“We’re thrilled to be able to shed light on his story and on this remarkable man,” Tripoli said about Tucker. “And what he contributed to the world and how his life is such an inspiration for people.”

Tripoli mentioned the importance of Tucker’s story to integral members of the African-American community here in Syracuse, such as Manny Breland, who also appears in the film.

Breland, the first African-American to receive a basketball scholarship to Syracuse University, noted in the film how Lloyd and Tucker were major role models to him. Although Tucker was mostly a bench player, he served as an inspiration for young men like Breland after signing with the Nationals and recording his triple-double record at Syracuse’s War Memorial Arena.

A triple-double occurs when a player records double digits in three categories in one game. In Tucker’s case, he had 12 points, 10 rebounds and 12 assists in just 17 minutes after coming off the bench against the New York Knicks. Tucker held that record for 63 years until it was broken in 2018 by Denver Nuggets forward Nikola Jokic, who also makes an appearance in the film.

“Sorry for ruining your film,” Jokic jokingly said to the filmmakers during their interview.

“Let ‘Em Know You’re There” immortalizes Tucker and how the 1955 Nationals team changed basketball forever.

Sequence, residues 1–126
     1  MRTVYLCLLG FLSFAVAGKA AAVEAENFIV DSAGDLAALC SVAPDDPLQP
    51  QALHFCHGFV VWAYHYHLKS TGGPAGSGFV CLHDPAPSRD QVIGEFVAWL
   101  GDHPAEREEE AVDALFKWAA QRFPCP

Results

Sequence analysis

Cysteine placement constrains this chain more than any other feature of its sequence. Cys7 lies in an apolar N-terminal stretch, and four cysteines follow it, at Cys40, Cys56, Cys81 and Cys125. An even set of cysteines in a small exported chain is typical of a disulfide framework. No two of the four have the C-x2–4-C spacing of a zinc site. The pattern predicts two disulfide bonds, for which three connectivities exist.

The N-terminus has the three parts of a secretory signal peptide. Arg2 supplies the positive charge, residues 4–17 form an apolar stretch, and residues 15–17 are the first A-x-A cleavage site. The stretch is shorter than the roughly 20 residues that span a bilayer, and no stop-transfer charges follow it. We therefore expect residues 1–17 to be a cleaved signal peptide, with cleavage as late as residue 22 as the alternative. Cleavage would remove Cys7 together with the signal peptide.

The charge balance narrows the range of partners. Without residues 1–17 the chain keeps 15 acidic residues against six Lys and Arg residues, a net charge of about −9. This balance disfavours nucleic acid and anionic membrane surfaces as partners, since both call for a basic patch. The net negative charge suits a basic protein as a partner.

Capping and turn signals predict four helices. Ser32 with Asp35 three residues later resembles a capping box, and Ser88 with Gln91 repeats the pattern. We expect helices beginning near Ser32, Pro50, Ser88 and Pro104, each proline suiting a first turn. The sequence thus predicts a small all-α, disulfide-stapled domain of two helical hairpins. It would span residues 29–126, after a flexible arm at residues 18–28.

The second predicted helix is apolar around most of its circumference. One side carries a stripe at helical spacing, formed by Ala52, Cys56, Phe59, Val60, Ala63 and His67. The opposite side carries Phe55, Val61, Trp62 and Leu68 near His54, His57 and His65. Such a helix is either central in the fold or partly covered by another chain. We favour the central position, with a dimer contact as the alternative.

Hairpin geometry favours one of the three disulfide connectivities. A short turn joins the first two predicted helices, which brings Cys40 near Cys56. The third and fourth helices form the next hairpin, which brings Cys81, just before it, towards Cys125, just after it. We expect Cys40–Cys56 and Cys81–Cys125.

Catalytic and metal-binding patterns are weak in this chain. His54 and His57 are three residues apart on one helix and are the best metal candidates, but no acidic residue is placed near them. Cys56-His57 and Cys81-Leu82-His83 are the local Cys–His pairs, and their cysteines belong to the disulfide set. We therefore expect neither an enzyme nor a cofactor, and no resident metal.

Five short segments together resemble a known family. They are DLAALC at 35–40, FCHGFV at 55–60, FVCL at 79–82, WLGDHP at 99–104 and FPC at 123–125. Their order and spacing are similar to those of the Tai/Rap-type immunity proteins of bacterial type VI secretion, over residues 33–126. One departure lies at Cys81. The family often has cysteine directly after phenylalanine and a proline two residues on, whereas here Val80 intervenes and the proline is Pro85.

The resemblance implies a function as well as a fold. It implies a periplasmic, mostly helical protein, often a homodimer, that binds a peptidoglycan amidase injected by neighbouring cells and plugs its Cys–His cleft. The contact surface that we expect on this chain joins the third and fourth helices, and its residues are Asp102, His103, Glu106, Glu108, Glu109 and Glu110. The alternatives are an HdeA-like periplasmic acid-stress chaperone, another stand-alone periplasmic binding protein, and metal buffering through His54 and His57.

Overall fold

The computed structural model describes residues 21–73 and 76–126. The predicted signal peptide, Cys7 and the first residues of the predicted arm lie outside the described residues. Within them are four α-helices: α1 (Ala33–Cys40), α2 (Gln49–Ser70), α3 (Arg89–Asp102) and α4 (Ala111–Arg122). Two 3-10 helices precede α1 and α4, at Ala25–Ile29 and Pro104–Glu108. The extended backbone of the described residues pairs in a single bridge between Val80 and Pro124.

“We’re all just so excited that Jim’s getting one more trophy,” Humphrey said.

Watch the film on Amazon here

— Article by Matthew Ryan Geraci, The Stand Staff Reporter

Story originally published on The South Side Stand. Link here: https://mysouthsidestand.com/more-news/local-honor/


Fast Times at American High

“Shouldn’t you be filming this audition?” The nervous actress-hopeful asked me with a look of pure confusion. “I mean, how will they know if I’m really good?”

“Uh, well, actually if you’re really good, then I’m just gonna mark it down on this little notepad here and, um, then we’ll know. And then we’ll let you know. Ok, should we start?”

In July of 2019, I went to report on and write a story about a new local film production company called American High, which is based in little old Liverpool, NY. The company’s mission is to create classic, R-rated, high-school based comedies reminiscent of the John Hughes-era films of the 80s. This is a story of how, within one hour, I turned from a news reporter to a talent scout in charge of an auditioning room.